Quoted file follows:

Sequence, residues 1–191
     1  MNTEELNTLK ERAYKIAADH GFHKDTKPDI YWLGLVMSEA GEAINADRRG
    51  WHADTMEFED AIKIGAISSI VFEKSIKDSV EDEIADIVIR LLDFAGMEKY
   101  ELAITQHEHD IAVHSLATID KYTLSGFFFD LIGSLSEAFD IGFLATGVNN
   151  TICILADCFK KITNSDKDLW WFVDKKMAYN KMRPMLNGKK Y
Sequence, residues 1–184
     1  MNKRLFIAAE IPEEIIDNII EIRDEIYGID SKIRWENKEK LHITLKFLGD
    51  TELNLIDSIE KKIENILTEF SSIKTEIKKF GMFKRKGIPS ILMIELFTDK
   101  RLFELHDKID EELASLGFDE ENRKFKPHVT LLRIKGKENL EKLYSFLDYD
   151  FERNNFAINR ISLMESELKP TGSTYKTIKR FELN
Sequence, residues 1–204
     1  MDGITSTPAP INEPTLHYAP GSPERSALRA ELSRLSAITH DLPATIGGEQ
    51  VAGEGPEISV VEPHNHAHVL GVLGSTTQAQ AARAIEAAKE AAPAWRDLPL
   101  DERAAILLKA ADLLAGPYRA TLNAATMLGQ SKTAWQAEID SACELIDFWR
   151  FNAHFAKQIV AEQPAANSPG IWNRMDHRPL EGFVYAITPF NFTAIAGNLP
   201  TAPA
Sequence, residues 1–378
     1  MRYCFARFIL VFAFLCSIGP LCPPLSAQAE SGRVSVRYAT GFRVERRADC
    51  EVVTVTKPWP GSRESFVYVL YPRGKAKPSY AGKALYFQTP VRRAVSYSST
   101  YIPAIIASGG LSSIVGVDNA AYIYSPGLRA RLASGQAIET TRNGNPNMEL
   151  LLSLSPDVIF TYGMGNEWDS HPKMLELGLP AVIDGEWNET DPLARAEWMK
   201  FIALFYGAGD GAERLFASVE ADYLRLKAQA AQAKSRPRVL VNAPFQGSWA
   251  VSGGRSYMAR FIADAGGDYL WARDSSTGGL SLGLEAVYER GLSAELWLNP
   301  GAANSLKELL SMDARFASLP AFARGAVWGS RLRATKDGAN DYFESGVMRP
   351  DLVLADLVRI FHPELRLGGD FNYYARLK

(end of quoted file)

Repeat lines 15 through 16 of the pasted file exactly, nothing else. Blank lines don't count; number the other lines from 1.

   151  FNAHFAKQIV AEQPAANSPG IWNRMDHRPL EGFVYAITPF NFTAIAGNLP
   201  TAPA